The photographs held by the National Library of Wales consist of sixty-five mammoth photographs bound in a hardback album covered with green leather. The album's content is quite varied, showing the landscape of the American west while it was still relatively unspoilt, interesting cityscapes and images of the newly developing railway system.

Mammoth photographs are the largest standard size of photograph, in sizes from 46 to 50 centimetres (18 to 20 inches); up to 50 to 61 centimetres (20 to 24 inches), they were popular in the 1860s and 1870s among landscape photographers as they were well suited to being displayed on walls or bound in an album, as these are.

Yosemite

There are around 16 photographs of Yosemite National Park and its surroundings. At the time, however, Yosemite was not a designated national park; it was only with the help of Watkins' photographs and campaigning that, in 1864, Yosemite was granted national park status by President Abraham Lincoln. Watkins began to photograph Yosemite in around 1861 and in the time between then and his death he is known to have visited Yosemite eight times. The photographs of Yosemite in the collection are mainly of the park's waterfalls, lakes and mountains.

One of the photographs, titled "Mirror Lake, Yosemite Valley" (item 14) shows the mountain which was named after Carleton Watkins in 1865 by the members of the California State Geological Survey as recognition of his work for the organisation in helping to capture and map the landscape of California for the first time. There are also photographs of the "Mariposa Big Trees", a grove of giant sequoias in Yosemite national park. One of the most interesting of these is a felled tree, with steps up the side, so that it is possible to climb on top (Item 29, "The pavilion on the stumps"). Another photograph shows the "Mother of the Forest" tree (Item 1), which is quoted to be 321ft. high and 28ft. in diameter, with a woman standing next to the base of the tree. The photograph is 53.5 centimetres (21 inches) tall with the woman standing 5 centimetres high (around 2 inches). It is in photographs like these that Watkins uses perspective to illustrate the enormity of the landscape.

The photograph "Lake Tahoe from Tahoe City" (Item 60) is actually better known as "A Storm on Lake Tahoe", but the exposure on our photograph is much shorter than other copies, as the Lake looks tranquil and the dark clouds and silhouetted trees are not in evidence.

Cityscapes

The album also features five photographs taken from Watkins' series of Californian Missions, taken in around 1876, and several cityscapes featuring both Virginia City and Salt Lake City.

One of the two photographs of Salt Lake City (Items 55, 56) is especially interesting as it includes the foundations of the tabernacle of the Church of Latter Day Saints (Mormons) being built, which makes the photograph easier to date to around 1873. The photographs of Virginia City (Items 32-34) also can be dated roughly as the city was partially destroyed by fire in 1875 and the Fourth Ward School, built in 1876 is featured in the photographs.

Two of the photographs of Virginia City can be matched to form a panorama (Items 33,34). There is another, different panorama of Virginia City held at the Bancroft Library, University of California, Berkeley (Plate 55 in Palmquist, 1983), which is believed to be taken in 1876, it is therefore possible the two sets were taken on the same visit to the city.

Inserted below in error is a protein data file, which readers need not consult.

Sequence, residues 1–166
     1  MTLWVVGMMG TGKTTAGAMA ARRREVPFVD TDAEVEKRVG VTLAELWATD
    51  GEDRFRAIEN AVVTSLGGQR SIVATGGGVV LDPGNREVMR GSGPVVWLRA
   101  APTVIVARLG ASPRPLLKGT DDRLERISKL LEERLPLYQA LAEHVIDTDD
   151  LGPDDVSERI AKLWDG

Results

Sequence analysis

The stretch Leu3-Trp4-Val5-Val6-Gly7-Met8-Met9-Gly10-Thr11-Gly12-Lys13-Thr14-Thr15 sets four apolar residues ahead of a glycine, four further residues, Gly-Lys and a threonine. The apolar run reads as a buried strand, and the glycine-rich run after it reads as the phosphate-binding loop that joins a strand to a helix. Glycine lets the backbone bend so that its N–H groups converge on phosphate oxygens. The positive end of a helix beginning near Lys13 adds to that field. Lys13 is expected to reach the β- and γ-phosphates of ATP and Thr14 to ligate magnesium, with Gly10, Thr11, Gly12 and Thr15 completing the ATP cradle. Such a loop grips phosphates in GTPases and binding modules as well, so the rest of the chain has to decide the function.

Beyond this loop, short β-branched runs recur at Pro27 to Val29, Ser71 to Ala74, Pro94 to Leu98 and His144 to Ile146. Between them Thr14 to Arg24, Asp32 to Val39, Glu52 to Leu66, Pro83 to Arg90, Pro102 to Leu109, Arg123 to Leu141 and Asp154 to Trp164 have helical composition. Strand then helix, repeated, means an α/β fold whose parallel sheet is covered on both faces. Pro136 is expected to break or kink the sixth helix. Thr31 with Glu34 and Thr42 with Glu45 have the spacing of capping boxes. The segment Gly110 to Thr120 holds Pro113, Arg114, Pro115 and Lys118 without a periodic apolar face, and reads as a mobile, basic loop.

Railways and industrialisation

Views of the developing railroad industry are also interesting, often showing lumber yards (Item 58, "End of Flome at Caison"), workers, and snow sheds (Item 57, "Summit Station, C.P.R.R."). The photograph entitled "Cape Horn, C.P.R.R." is a wonderful example of the size of the early steam trains. The photograph shows a stationary steam train with passengers standing on the roof looking at the photographer. This comparison between the size of the passengers and the train is obvious and draws attention, but the size difference between the train and the open landscape to the right of the photograph shows the impressive scale of the countryside.

Other photographs showing industrialisation are of the "Blue Tent mines" and the "Blue Tent Ditch and Saw Mill", and the California saw mill (Items 21, 24-26). "River mining on the Tuolumne" (Item 47) shows dredgers along the river and the miners camp site alongside.

Natural features

The album also shows interesting natural features, including the Devils War Club (Item 40, "The Devils War Club, Witch Rocks, W.P.R.R.") and the Conglomerate rock formations (Item 48, "Conglomerate Amador Grande, Alpine Co."), the large cacti in Arizona (Item 36, "Cerens Gigantius, Arizona"), and a paper tree in the Mohave Desert (Item 50).

Watkins photographs in other collections

The Watkins photographs in the library's collection are very rare and important in the UK and even in the United States. There is only one other collection of Watkins's work in a public archive in the UK, which is held in London's Royal Geographical Society. They have 34 mammoth photographs, mounted onto card. Many collections of Watkins's photographs exist in the USA. One of the largest of them is at the J. Paul Getty Museum, comprising 1,400 photographs, one hundred and eighty-seven of which are mammoth prints like those held by the National Library.

Further reading and resources

  • Peter E. Palmquist, Carleton E. Watkins: photographer of the American west. Albuquerque, University of New Mexico Press, 1983.
  • In Focus: Carleton Watkins. Los Angeles: J. Paul Getty Museum, 1997.
  • A collection of photographs by Carleton E. Watkins at the Phoebe Hearst Museum of Anthropology, University of California, Berkeley
  • Photographs of the Franciscan missions in the Bancroft Library, University of California, Berkeley